You can see pretty much all of West, Texas, from I-35, which connects the town—which is not in western Texas, but the heart of the state—to Dallas in the north and Waco just south. A collection of only 2,674 people, according to the Census Bureau, West was famed—until this week—rather modestly for pretty great kolaches, sweet pastries filled with meat, cheese or fruit, and its Czech immigrant farming heritage. Every year, the town hosts a festival celebrating its Czech heritage—and proving that in Texas no good pun goes unpunished, there has even been a motel known, yes, as the Czech Inn.
Today, the day after a deadly fertilizer plant explosion killed as many as 15 people and injured around 160, the Czech Inn is at 100 percent occupancy—but full of people who live within less than the two-mile radius that encompasses all of West. The hotel itself had some glass blown out but didn’t sustain any major damage. “We’re doing everything we can,” says Joey Oliver, who is working the front desk. Not only is the hotel full but the phone never stops ringing with offers of help in the form of paying for rooms. The calls came from not just all over Texas but all over the country. But nobody knows, either, when they can go home.
Oliver himself is okay. Most of his family, he explains, lived on the opposite side of town from the blast. One member of his family, a 90-year old man, had his roof caved in by the explosion but miraculously escaped with bruises, scratches and a concussion. Asked what it was like to endure the night before, Oliver sighs briefly but heavily. “I couldn’t even begin to describe it,” he says. “This is just a small town. It’s something we never expected to happen.”
A memorial service was held in Boston earlier today for the victims of the marathon bombing. I tried listening, but had to switch it off. The speakers were sincere and moving, to be sure, but already the conversation has shifted to tales of bravery and recovery, promises of perseverance and resilience—polished words in stark contrast to the disorder and disbelief in that city earlier this week. It seems, frankly, rushed: No doubt many of the 170 people injured in the bombing—to say nothing of the friends and family of the dead—are still in disbelief, their lives very much in disorder.
In West, those comforting narratives have not yet come. Everything is still raw. As the Waco Tribune-Herald says about a vigil at Baylor University, down the road: “Baylor University students did what little they could to offer support Thursday morning.” The paper also notes that the same plant was the cause of a school evacuation recently. Michael Maler, 49, lost his home, says he knows some of the dead, and sums it up by telling the paper, simply: “West will never be the same.”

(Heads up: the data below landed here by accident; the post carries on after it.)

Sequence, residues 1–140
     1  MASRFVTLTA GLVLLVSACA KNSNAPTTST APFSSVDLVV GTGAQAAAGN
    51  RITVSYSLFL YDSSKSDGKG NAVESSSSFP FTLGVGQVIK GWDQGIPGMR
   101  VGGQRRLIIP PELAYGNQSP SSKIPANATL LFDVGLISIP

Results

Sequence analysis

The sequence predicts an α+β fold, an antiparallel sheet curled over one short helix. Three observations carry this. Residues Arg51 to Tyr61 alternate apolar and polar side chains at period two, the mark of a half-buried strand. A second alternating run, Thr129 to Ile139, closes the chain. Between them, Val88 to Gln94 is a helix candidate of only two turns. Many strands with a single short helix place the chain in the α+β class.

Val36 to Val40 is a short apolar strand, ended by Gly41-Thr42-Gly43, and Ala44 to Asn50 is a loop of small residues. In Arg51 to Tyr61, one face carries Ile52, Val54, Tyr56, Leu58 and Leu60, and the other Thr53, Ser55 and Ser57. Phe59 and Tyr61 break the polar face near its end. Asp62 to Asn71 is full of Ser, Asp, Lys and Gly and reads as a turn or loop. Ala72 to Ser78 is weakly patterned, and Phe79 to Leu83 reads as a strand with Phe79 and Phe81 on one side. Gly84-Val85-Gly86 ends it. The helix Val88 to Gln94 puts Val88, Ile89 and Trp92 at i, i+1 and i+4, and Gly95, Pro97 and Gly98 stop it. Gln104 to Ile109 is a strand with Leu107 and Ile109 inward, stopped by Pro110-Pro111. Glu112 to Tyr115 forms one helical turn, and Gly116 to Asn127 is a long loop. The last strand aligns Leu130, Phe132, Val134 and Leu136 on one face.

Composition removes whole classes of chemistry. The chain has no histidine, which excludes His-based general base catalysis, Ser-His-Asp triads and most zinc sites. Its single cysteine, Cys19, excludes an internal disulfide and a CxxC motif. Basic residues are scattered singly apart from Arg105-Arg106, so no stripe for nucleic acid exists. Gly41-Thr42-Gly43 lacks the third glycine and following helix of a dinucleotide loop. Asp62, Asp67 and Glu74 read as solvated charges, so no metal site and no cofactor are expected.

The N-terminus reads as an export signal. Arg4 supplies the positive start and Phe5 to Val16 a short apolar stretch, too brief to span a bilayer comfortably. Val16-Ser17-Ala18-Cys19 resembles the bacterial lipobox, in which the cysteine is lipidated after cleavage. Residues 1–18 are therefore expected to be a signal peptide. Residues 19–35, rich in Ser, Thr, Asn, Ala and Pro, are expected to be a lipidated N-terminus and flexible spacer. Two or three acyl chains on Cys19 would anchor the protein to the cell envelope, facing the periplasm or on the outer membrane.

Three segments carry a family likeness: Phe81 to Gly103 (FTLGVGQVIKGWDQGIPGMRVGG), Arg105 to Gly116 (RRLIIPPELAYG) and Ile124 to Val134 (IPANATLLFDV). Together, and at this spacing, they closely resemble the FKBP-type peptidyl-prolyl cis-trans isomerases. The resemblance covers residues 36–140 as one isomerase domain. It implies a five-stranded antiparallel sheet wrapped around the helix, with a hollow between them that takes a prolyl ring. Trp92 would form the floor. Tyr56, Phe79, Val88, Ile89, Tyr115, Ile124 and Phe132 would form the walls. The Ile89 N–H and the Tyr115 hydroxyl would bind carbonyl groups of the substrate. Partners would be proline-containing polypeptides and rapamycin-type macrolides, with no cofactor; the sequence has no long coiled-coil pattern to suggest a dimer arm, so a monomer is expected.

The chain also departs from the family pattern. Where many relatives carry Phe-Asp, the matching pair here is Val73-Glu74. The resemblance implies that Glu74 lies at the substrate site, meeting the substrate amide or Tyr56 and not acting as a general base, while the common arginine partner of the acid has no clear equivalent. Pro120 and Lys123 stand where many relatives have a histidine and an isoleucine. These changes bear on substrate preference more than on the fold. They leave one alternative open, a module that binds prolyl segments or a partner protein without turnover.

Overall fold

And that’s the point, really. You are never the same when you are touched by tragedy and loss. We use words like "perseverance" in inexplicable times like these—and in all the inexplicable, private tragedies and losses. And yet they seem like stones worn too smooth by a rushing river. Our feet cannot get a grip on them, get some traction, to cross the river. All that people can do is be with the thing that has suddenly come, that is suddenly not just present but omnipresent, with all the crushing absence it has suddenly and cruelly imposed.
“No one ever told me that grief felt so like fear. I am not afraid, but the sensation is like being afraid. The same fluttering in the stomach, the same restlessness, the yawning. I keep on swallowing,” C.S. Lewis wrote in A Grief Observed, upon the death of his beloved wife. “At other times it feels like being mildly drunk, or concussed. There is a sort of invisible blanket between the world and me. I find it hard to take in what anyone says. Or perhaps, hard to want to take it in. It is so uninteresting.”
Of course, I am committing the same error, or sin, I realize: spilling words upon a page. But I don’t delude myself in thinking that anyone in Boston or West or anywhere in states of shock, horror, or grief will take any solace from my words, nor should they. Perhaps those of us who have been spared those experiences—but know or don’t yet know our own private grief—can sense what it may be like from these words. Or not.
It's cold in West today, by Texas standards, barely cracking 50 degrees on a day that was supposed to be in the 70s. But, of course, today is not just another day. Back in Austin, where it's only slightly warmer, I cross the Lamar Street bridge over the Colorado River. Taggers love to spray graffiti on the railway bridge that runs parallel. I notice a graffito I have not seen before. Maybe it was always there, maybe it's fresh. Painted in orange are words that have no heroes or villains, no clumsy solace: “Never give up.”
Richard Parker is a regular contributor to The New York Times Op-Ed section, the Columbia Journalism Review and his commentary is syndicated by McClatchy-Tribune. He is the former associate publisher of The New Republic.